"Energy efficiency is the cleaner energy option that pays for itself," suggested Mark Fulton to the large crowd gathered for the Mid-Atlantic Cleantech Investment Forum last Thursday evening. "It applies already existing technologies at scale with no government funding and a payback of 2-4 years."
Fulton is Managing Director and Global Head of Climate Change Investment Research and Strategy with Deutsche Bank Climate Change Advisors, so he has the data and charts to back up his statements.
His team is currently exploring financing models for energy efficiency, which they believe will generate over $1 trillion in savings over 10-20 years.
"The Empire State Building energy efficiency upgrade demonstrated 30 percent IRRs," offered Fulton. "So why isn't anyone investing in it?"
Perhaps it's the wise investor's contrarian outlook.
The Forum, now in its 4th year, co-hosted by the Cleantech Alliance Mid-Atlantic and Blank Rome's Cleantech Group, offered some contrarian suggestions from an investor panel.
The panel included Tucker Twitmyer of EnerTech Capital for whom "efficiency plays have been our bread and butter," and Lux Capital founder Josh Wolfe, who's refrain, "it's a great technology," belied the fact that not all great technologies make great investments.
It's such a contrarian outlook, too, that has led to successful investments for Lux, EnerTech, and NRG Energy's venture arm, and that has cleantech newcomer Edison Ventures looking to capital efficient "cleanweb" models as a way to play in the sandbox.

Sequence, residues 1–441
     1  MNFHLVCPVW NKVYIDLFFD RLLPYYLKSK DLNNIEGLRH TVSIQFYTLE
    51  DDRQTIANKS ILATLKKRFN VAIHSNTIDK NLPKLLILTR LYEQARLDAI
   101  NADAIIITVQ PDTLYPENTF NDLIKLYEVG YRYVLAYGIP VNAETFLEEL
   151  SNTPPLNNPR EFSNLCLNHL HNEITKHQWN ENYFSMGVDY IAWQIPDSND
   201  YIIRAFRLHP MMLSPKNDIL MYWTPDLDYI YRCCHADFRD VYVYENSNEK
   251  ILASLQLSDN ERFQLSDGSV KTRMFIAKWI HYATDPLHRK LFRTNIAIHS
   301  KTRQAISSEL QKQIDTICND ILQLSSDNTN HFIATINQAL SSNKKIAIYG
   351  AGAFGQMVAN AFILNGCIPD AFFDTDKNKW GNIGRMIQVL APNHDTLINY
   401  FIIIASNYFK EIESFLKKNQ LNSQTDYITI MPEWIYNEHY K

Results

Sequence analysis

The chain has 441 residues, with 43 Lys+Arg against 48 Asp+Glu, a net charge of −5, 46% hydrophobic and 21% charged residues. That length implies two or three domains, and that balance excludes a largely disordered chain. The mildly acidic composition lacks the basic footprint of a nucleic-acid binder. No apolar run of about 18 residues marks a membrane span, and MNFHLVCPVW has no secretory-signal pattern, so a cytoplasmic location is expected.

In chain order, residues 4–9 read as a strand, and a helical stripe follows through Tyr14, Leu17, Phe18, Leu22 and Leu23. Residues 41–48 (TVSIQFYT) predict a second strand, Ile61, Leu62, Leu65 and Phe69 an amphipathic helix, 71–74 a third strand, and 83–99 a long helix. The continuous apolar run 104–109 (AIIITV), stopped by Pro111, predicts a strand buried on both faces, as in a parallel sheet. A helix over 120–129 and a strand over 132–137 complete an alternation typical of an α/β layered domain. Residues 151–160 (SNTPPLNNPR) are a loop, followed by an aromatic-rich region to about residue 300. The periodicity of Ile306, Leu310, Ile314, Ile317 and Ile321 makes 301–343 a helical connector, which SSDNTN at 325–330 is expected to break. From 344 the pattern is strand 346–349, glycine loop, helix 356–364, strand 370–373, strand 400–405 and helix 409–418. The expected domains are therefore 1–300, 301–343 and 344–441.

The nascent cleanweb movement, initially launched by Sunil Paul at Spring Ventures, brings together web coders to tackle big energy problems. (You can read more about the cleanweb hackathons here.)
Twitmyer, who has been investing in clean energy companies and projects for over 10 years, sees parallels with earlier cycles in the space, "LP [limited partners] who haven't seen the kinds of returns they want have started heading for the exits."
But that's not necessarily time to panic, suggested Wolfe. On the contrary, when the bulk are investors are chasing the next big thing, Wolfe and other successful investors see opportunities in what's left untouched.
This thesis has paid off handsomely with one such investment, Kurion, which has a solution for addressing toxic nuclear waste, realizing $40 million in profit on $100 million in revenue last year.
The company was one of the few working to clean up the Fukushima nuclear reactors in the wake of the tsunami a year ago.
Another panel at the Forum on shale gas development revealed that there's a growing need for clearly defined regulations in the natural gas sector, especially around well-casing construction and fluids disclosure. But the panel of experts concluded that sustainable natural gas development is achievable.
Presenting company pitches by new entries in the space rounded out the evening's program, including Green Power Technologies (the "BERT" people), Matcor, OmniWind, Primus Green Energy and XL Hybrids.
"We need to start talking about cleaner energy, not just clean energy," offered Fulton in his keynote. "Sixty to seventy percent of American voters support the idea of cleaner energy," which includes advances to make existing forms of energy better, cleaner and more efficient.
Recognizing there are no silver bullets or magic remedies, fora like this one are designed to call attention to the variety of solutions available. No matter how contrarian they may seem.
(Disclosure: The author is a co-founder of the Cleantech Alliance Mid-Atlantic, which co-hosted the Forum.)